The Japanese Zaitech Bubble

Japans Bubble Economy Picture

From the early 1960s to the late 1980s, Japan had one of the highest economic growth rates in the world.

In the 1970s, the government began to deregulate financial markets, which allowed banks to actively seek out new customers.

During the mid-1980s, Japan took a loose approach to monetary policy, which caused the money supply to increase and interest rates to fall.

The combination of these two actions was important to the creation of a speculative bubble:

With low interest rates and easier access to credit, new players entered the financial markets.

The stock market bubble was fueled by a Japanese corporate invention, known as “zaitech,” or “Financial Engineering,” by which speculation became an integral part of corporate earnings statements.

After obtaining low-interest loans, corporations were easily able to raise funds on the markets.

While these funds sometimes fueled capital investment, they very often were recycled back into further speculative market activities again and again.

As the Japanese stockmarket kept zooming higher and higher, corporations were able to report their speculative profits as increased earnings.

Investors would then rush to purchase their stock, driving their prices and earnings even higher and providing more funds for the company’s speculative actions.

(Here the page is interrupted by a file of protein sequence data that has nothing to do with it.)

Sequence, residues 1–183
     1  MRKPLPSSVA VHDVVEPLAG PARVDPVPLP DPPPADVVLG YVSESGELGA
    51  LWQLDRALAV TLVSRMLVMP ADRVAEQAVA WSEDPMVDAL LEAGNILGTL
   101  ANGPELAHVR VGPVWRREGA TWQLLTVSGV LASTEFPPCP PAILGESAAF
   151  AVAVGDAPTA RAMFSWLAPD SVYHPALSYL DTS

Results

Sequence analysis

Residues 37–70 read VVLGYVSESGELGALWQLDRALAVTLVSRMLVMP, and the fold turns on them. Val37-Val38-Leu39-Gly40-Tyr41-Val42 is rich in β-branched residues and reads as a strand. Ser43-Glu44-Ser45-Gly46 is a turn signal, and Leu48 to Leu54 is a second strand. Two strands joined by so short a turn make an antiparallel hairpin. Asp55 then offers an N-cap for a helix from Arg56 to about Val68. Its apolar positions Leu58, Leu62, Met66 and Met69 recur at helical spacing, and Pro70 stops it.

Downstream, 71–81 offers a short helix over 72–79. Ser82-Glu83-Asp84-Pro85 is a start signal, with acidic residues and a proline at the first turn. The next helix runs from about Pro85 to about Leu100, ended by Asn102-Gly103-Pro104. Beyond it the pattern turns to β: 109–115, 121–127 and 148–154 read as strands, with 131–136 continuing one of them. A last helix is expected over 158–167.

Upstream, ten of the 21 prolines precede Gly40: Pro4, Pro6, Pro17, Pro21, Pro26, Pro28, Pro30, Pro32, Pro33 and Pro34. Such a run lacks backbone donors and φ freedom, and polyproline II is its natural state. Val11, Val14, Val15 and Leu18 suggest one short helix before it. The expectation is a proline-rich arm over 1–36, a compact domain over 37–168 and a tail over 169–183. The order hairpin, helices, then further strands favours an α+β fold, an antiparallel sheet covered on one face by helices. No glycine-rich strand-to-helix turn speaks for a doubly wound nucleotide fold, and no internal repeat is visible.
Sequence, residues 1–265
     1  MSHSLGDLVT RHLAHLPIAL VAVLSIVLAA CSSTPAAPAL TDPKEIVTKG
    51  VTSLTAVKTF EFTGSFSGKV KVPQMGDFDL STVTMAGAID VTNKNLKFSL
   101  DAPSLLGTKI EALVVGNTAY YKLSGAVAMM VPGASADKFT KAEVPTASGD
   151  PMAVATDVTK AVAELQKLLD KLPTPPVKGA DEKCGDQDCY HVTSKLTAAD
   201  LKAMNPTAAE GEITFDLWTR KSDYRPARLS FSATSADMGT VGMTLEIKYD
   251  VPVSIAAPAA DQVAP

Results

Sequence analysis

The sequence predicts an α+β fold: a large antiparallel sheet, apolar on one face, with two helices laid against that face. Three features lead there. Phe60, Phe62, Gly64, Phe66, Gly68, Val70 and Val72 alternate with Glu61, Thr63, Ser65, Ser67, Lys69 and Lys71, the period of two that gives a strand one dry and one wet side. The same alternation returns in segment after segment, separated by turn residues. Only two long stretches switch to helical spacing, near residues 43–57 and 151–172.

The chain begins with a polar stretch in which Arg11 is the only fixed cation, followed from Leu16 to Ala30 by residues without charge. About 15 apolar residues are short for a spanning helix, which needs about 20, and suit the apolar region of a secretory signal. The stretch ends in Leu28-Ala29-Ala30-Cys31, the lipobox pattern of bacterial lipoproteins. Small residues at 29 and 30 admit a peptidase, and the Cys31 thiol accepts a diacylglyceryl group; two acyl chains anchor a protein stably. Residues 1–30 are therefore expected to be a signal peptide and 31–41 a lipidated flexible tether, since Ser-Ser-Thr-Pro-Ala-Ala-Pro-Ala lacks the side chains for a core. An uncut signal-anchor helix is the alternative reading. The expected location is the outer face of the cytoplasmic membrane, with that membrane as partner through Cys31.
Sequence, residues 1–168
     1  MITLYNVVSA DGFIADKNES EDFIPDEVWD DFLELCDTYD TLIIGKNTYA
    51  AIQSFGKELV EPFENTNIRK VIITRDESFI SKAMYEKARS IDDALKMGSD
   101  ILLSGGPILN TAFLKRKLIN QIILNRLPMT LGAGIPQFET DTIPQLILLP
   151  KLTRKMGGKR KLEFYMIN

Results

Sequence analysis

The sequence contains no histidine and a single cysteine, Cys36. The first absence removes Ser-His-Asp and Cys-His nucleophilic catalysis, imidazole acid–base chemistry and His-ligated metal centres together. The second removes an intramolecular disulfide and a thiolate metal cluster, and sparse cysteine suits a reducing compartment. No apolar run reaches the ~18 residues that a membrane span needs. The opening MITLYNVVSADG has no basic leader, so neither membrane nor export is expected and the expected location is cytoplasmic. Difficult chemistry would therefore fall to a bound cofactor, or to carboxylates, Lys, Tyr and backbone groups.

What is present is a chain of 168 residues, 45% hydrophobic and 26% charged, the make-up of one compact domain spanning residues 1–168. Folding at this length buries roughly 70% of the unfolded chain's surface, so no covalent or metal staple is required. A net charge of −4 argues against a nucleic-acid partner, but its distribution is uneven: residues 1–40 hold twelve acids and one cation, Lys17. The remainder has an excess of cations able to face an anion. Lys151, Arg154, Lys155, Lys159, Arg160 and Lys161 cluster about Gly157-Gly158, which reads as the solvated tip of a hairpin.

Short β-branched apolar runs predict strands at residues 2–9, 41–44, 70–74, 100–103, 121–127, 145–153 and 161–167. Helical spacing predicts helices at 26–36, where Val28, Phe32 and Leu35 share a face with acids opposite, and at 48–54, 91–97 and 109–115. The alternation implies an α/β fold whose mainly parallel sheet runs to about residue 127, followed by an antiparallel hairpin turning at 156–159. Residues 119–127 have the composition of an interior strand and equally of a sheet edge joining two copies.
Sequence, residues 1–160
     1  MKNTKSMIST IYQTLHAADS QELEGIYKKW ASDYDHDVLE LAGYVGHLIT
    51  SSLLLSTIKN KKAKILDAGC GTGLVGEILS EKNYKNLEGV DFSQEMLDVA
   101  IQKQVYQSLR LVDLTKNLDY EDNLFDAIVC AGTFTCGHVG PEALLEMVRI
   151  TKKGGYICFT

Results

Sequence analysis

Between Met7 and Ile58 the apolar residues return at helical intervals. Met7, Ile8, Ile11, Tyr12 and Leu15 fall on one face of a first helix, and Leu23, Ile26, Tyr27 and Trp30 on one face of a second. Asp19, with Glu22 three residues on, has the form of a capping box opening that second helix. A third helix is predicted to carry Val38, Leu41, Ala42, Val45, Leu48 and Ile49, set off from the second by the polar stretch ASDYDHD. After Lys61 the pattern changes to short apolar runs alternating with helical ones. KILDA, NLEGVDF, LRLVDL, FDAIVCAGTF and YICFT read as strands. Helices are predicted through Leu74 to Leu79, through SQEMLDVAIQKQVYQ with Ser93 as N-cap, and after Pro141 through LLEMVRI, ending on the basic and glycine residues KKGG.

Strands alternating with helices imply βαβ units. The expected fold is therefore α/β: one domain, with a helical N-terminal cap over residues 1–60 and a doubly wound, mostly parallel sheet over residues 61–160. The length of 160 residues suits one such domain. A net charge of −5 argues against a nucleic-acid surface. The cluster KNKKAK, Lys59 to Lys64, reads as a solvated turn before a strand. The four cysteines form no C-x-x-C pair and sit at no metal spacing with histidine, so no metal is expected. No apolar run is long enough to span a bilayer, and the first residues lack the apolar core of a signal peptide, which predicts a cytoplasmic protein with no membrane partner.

At the end of the decade, speculation dominated the activities of some businesses:

It was estimated that perhaps 40 to 50% of total reported profits from Japan’s largest corporations were derived from “zaitech!”

Land speculation was another important part of that bubble economy. Japanese land prices were traditionally high, partly due to the mountainous island nation’s small amount of available land.

Because of its high value, banks often accepted property as collateral for loans, and land served as the engine of credit for the entire economy.

By 1989, Japanese government officials were growing uneasy about the skyrocketing values of the stockmarket and land valuations.

In May 1989, it tightened monetary policy by raising interest rates, and ordered another hike on December 25.

While the stockmarket reached its all-time high on December 31, stock prices began to plummet in January.


The government increased interest rates five more times before August 1990, to try and halt the continued rise of property prices.

But as the stockmarket kept falling, it was forced to intervene in a futile attempt to try and revive the market and stave off recession.

Throughout the 1990s, Japan experienced slower growth than any other major industrial nation.